Genital warts

Genital warts, caused by some strains of the human papilloma virus, or wart virus, are the most common STIs

Genital warts are easily passed from one person to another through unprotected vaginal sex, anal sex or oral sex (kissing, licking or sucking someone's genitals). They can also be passed on through close genital contact (when the skin touches).The highest rate of infection is among women aged 20-24 and men aged 25-34.

How to recognise them

Warts can take a year or more to develop after infection with the wart virus. Warts are not always visible, especially if they occur inside the vagina, particularly on the cervix, or in the anus. If warts are not present, the virus cannot be tested for.

How they're treated

Warts can be treated by applying special ointments or paints, by freezing or surgical removal under local anaesthetic.

Related Articles

  • Male condoms

    Everything you have ever wanted to know about condoms all in one place. Talk about condoms, carry condoms, use condoms. You know it makes sense.

  • Female condoms

    Female condoms are like male condoms, only they fit inside the vagina instead of over the penis. Find out more.

  • Types of STIs

    This is where you can find detailed information on individual infections like chlamydia, herpes, genital warts and gonorrhoea, and find out how to treat them.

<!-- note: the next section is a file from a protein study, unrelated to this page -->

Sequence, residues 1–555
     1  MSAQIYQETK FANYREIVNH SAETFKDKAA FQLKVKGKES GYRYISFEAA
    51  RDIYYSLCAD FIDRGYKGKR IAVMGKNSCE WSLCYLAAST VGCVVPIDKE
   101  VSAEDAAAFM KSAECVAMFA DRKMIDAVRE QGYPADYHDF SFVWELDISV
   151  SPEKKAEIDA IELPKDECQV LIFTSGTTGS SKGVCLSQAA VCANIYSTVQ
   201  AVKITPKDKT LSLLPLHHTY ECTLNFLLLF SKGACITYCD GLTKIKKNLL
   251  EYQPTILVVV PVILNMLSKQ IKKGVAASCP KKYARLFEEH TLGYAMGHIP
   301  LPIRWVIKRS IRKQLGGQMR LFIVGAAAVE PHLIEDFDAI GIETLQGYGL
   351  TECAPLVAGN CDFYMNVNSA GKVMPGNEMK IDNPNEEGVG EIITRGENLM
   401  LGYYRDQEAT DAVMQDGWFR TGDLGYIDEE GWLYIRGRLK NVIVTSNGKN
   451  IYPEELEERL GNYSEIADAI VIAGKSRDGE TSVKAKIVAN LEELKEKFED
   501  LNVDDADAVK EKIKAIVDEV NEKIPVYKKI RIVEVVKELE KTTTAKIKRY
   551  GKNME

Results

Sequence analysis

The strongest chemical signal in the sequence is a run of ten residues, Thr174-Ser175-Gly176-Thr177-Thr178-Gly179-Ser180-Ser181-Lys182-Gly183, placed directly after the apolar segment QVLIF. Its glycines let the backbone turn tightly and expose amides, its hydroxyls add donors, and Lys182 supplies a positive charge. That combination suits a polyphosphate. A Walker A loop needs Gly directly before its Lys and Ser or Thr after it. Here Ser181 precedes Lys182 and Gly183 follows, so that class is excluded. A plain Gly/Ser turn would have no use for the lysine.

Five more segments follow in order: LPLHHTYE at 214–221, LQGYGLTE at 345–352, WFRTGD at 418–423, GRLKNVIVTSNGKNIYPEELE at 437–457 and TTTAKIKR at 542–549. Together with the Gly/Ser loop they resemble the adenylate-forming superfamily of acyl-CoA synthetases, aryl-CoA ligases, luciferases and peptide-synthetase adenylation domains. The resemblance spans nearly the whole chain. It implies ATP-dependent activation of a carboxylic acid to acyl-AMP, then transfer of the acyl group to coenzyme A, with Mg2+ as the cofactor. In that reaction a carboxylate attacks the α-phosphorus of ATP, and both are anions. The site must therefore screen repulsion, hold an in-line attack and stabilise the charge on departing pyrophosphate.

• Signs and symptoms

    There are different signs to look out for which might suggest you have an STI. Some STIs have no symptoms. Find out more...

  • How to avoid STIs

    The best way to avoid an STI is to use a condom every time you have sex.

  • Find your nearest service

    Find your nearest young people's service, family planning clinic or sexual health service here. Plus, information on which service might be the best one for you to look for.

  • Get tested quickly

    Get tested quickly If you're worried you may have an STI the most important thing is to get tested


My Contraception Tool

Check out the new My Contraception Tool

A-Z of sex

Find out who won the UK Sexual Health Awards!

Brook & FPA's campaign

Education For Choice

Say YES to 21st century SRE

Your view

This is a quick comments box we cannot reply.